US Open: Yevgeny Kafelnikov talks about state of Russian men's tennis

Is a Russian revolution here? According to two-time Grand Slam champion Yevgeny Kafelnikov, it may very well be. With three of the top 11 seeds at this year's US Open in Daniil MedvedevAndrey Rublev and Karen Khachanovthe former world number one talks about how the trio are now being looked up to by young players in Russia.

Kafelnikov talks about potential for trio of young Russian stars

The Hall of Famer and fellow two-time major champion Marat Safin are icons in Russia alongside the many Slam winners produced on the women's side and the former world number one is noticing how the trio are now being looked up to by young players.

"If you go to the tennis clubs where juniors are participating, they don't want to be like Kafelnikov or Safin anymore. They want to be like Medvedev or Rublev or Khachanov. That's logical. It's a good thing for them to follow someone and be like those guys."

With Rublev and Medvedev reaching the quarterfinals, they became the first Russian duo to reach the last 16 (and now last eight) in consecutive years. Khachanov fell just short of joining them, falling to Alex de Minaur in five sets in the third round.

"It would have been nice if all three reached the fourth round but unfortunately Karen lost to de Minaur. That was a tough loss. I thought he had a good chance to be in the fourth round and in that case, it would have been spectacular, but that's life.

"Two Russians are in the fourth round and onto the second week and that's definitely a good thing for Russian tennis."

Rublev, Medvedev talk about each other's growth ahead of quarterfinal showdown

The matchup between Rublev and Medvedev is fitting as the two have known each other since childhood and are close friends to this day. Last year's finalist reminisced about their days competing against each other when they were young.

"I think we played a match when we were maybe 12 years old, or [he was] 11. and we were some of the worst juniors in tennis in terms of attitude that you could see", Medvedev said. We were crying, throwing the racquets over the fans. We were young, of course, so we hated to lose. I was doing only lobs at the time. I don't think he was hitting the ball as hard as right now. They were crazy matches."

He also remembers a time they lost in juniors and met another junior, former French Open champion Jelena Ostapenko.

"We had a great time", he said. Jelena Ostapenko was also there. Nice memories. All of us are on the top level now."

Rublev became the youngest quarterfinalist at Flushing Meadows since 2001 when he reached the last eight as a 19-year old, ranked 53rd. Now 14th, Medevedev has noticed the changes in his friend's game.

Rublev looks to advance ot his first Grand Slam semifinal/Photo: Al Bello/Getty Images
Rublev looks to advance ot his first Grand Slam semifinal/Photo: Al Bello/Getty Images

"We knew he can play amazing tennis, just unbelievable tennis. But if he was not there yet [it] meant he was not as consistent as [he] could have been. Now he's really consistent. Every tournament he plays he does good. The start of the year was amazing for hi, so hopefully he will continue like this."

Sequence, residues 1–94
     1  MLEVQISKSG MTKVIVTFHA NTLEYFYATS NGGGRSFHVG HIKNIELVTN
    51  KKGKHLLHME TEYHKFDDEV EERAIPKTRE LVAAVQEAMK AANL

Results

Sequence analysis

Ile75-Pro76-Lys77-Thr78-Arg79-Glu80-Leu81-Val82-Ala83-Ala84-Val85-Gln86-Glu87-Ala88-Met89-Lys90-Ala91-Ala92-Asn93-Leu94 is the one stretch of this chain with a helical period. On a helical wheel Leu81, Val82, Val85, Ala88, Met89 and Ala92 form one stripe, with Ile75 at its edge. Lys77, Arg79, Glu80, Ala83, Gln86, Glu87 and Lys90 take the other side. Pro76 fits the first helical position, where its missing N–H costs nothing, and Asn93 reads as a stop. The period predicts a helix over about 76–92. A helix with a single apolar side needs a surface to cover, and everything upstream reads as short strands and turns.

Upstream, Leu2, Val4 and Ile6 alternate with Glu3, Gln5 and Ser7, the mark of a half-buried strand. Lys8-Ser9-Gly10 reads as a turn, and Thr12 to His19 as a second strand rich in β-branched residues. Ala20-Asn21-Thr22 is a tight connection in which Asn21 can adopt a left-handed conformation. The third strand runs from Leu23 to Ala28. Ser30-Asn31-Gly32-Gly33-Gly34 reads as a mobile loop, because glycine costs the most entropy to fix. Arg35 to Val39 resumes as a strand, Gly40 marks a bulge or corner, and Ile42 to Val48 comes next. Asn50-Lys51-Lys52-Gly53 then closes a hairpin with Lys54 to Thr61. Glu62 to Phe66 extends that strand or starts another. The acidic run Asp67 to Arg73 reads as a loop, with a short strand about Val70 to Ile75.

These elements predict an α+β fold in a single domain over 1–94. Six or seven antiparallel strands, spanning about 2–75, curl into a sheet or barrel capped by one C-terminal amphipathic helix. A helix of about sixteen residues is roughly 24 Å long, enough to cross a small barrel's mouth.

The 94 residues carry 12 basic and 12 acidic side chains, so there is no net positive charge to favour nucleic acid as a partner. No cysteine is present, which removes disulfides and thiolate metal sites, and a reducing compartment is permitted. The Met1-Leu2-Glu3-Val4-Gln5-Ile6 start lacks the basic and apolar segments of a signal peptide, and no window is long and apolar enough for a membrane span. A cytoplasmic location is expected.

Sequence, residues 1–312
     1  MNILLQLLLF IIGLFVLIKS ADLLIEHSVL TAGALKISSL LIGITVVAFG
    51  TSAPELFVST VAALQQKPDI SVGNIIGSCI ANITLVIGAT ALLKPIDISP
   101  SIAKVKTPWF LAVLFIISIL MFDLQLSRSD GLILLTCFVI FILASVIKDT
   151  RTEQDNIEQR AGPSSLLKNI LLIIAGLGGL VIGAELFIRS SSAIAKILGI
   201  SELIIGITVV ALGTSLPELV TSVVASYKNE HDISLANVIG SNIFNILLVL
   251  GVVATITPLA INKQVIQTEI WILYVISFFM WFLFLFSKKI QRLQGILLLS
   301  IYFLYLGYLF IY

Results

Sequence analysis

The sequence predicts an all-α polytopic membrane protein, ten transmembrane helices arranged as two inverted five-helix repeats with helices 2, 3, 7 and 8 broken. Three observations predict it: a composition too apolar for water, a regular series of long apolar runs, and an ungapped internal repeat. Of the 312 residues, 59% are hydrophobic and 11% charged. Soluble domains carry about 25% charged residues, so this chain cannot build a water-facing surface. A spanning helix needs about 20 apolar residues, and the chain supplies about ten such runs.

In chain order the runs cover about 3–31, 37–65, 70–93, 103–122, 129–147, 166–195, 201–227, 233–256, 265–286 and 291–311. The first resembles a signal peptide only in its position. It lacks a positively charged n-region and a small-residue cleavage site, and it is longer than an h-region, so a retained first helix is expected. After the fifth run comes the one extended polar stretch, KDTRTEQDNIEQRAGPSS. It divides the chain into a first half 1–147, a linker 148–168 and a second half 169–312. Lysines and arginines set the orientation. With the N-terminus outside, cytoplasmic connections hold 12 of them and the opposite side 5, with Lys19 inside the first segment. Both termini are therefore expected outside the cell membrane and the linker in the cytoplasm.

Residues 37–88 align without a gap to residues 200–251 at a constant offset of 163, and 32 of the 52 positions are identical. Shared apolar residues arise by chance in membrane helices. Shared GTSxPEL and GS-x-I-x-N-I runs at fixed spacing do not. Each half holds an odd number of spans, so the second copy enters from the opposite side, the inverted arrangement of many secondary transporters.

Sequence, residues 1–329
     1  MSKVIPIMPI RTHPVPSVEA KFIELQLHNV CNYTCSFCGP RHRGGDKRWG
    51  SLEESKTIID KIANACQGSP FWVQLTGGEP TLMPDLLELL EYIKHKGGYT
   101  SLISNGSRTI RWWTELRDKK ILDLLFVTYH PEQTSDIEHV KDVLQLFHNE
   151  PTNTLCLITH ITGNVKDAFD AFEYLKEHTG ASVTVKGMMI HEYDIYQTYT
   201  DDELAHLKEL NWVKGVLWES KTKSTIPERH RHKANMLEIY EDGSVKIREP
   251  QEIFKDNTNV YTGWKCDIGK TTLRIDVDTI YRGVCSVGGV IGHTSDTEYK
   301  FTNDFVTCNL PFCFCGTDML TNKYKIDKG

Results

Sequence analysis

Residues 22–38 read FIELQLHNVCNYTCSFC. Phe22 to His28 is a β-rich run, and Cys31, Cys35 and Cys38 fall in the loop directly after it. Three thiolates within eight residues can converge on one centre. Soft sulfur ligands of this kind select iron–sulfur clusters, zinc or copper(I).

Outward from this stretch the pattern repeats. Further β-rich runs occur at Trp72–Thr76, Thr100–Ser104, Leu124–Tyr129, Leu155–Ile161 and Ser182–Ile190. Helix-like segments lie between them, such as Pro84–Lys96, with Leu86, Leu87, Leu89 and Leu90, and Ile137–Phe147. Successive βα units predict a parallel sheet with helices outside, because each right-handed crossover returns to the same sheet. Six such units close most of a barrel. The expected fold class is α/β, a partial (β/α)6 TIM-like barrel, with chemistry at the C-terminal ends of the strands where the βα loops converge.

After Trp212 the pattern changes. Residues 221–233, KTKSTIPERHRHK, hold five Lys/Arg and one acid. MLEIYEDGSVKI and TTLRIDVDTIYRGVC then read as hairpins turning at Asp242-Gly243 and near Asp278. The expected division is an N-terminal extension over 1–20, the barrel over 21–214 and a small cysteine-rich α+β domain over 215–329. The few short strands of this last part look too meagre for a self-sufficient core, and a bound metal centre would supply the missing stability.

Indeed it was. Rublev won Adelaide and Doha, starting the year 11-0 and for his part, he talked about how Medvedev has transformed himself, reaching six consecutive finals last year, including here, losing a five-set thriller to Rafael Nadal.

Medvedev has not dropped a set on his way to the quarterfinals/Photo: PA Images
Medvedev has not dropped a set on his way to the quarterfinals/Photo: PA Images

"He has an amazing serve, amazing return. [He] has amazing legs. [He is] an unbelievable fighter. He brings all the balls [back in play]. He fights no matter what. His style of the game is really, really, unusual, so you cannot rush with him. He forces you to play not your style of game. He forces you to play a little bit slower. He forces you to wait more, play longer rallies.

"Many players maybe in one moment after one hour playing this type of game, type of style, they start to stress, they start to give up. They start to rush, they start to go for the shots, try to play shorter rallies and in the end they miss more than they make."

Two-time major champion optimistic for future

Kafelnikov knows the men have struggled in recent years and is hopeful that the success Medvedev, Rublev and Khachanov have had will continue.

"We've been struggling on the men's side especially with players consistently reaching the second weeks of Grand Slams. We almost had three guys, so we could not be happier than with what we are seeing right now. For the fans and the supporters, it's quite a good thing. 

"Tennis is still a big sport in Russia. It gets a lot of coverage on the TV, in the media. Tennis athletes are well-recognized in the country. Medvedev with his results has definitely [increased] his image and has become a much more recognizable sports figure in the country for sure.

"If he continues like this he might become bigger than all ice hockey players or football players. That's totally in his hands, whatever he does on the court. If they [all] continue their success, they're definitely going to be more recognizable."